Page 38 - Contract Lighting Magazine February 2019
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CHILD’S PLAY
Project (CHEP), described as “the curating and procurement of purposeful artwork to provide positive distraction, inspire, educate, and promote healing.” Throughout the Teck Acute Care Centre is a specially selected collection of original murals, sculptures, and interactive displays created by more than 60 artists and six iconic community organizations from across British Columbia. On each  oor, purposeful art and installations engage, inspire, and comfort children, youth, families, and even the sta .
The  rst of its kind in Canada, CHEP supports the growing body of evidence that healing experiences using purposeful art can result in measurable clinical outcomes, including the reduction in anxiety, perception of pain, and need for sedation, as well as shortened hospital stays. However, this is not a case of “art for art’s sake.” Each piece of art and every installation has a purpose and is connected to a desired clinical outcome.
A guiding principle of the project was to involve the very people who understand the hospital experience the most: patients, families, and health care professionals. A Children’s Healing Experience Project Commi ee, made up of medical experts, patient families, community volunteers, builders, hospital leadership, and Aesthetics Inc., reviewed more than 1,200 submissions through a nationwide call for artists.
Ultimately, it was the kids who had the  nal say on the artwork, weighing in with valuable feedback, such as a desire for scenes that reminded them of home and activities with family.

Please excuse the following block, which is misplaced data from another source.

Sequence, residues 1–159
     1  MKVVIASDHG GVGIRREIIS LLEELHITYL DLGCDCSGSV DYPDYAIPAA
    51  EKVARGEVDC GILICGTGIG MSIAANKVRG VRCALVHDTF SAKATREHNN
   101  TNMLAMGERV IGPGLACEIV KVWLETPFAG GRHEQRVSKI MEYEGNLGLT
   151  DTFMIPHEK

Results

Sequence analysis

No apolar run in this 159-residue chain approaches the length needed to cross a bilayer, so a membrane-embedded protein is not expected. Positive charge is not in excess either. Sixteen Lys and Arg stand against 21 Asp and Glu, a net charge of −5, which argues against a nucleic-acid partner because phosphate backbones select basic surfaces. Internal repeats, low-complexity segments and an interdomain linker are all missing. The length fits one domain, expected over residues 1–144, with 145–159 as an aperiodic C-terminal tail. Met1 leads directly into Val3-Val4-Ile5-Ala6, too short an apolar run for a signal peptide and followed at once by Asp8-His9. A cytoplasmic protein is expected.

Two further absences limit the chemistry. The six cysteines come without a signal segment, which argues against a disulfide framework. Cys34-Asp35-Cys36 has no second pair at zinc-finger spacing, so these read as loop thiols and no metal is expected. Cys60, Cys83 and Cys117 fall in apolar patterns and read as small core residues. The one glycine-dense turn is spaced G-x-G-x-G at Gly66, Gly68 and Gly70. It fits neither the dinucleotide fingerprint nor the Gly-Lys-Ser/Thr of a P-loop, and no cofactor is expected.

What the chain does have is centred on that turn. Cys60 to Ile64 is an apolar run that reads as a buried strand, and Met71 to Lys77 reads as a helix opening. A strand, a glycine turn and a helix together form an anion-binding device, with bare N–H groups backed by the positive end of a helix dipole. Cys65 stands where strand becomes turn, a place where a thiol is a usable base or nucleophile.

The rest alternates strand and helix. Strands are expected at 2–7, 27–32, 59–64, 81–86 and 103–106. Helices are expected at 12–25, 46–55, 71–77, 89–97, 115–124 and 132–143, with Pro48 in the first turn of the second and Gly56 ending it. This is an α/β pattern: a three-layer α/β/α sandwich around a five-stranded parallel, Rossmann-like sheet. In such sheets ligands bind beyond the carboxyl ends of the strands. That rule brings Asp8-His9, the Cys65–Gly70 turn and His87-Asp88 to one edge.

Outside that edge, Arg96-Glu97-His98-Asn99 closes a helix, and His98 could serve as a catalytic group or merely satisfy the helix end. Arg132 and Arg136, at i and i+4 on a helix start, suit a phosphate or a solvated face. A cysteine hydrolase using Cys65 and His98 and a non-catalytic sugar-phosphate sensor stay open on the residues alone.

As a result, the Teck Acute Care Centre is  lled with 220 murals, 360 ceiling tiles, and 8 sculptures — all of which are re ective of the natural beauty and diversity of the province.
It also has exhibits from community partners — The Vancouver Art Gallery, Royal BC Museum, Vancouver Aquarium, H.R. MacMillan Space Centre, Museum of Anthropology at UBC, and Science World — designed to educate and engage children in ways never before seen in a hospital. There are also two themed playrooms, created
by the Vancouver Canucks and the Vancouver Whitecaps FC, that o er kids a place to escape and families with a se ing to connect.
Se ing the stage for this unusual experience inside the hospital was partly the responsibility of the lighting designers at Vancouver-based SMP Engineering, who worked on all areas of the Centre, including the main lobby and the entrance’s exterior canopy.
The design aesthetic in these areas is an airy, high wooden structure that carries  uidly from the outdoor canopy through to the indoor lobby. The lighting team’s objectives was to provide high levels of direct illumination to  ll the space and
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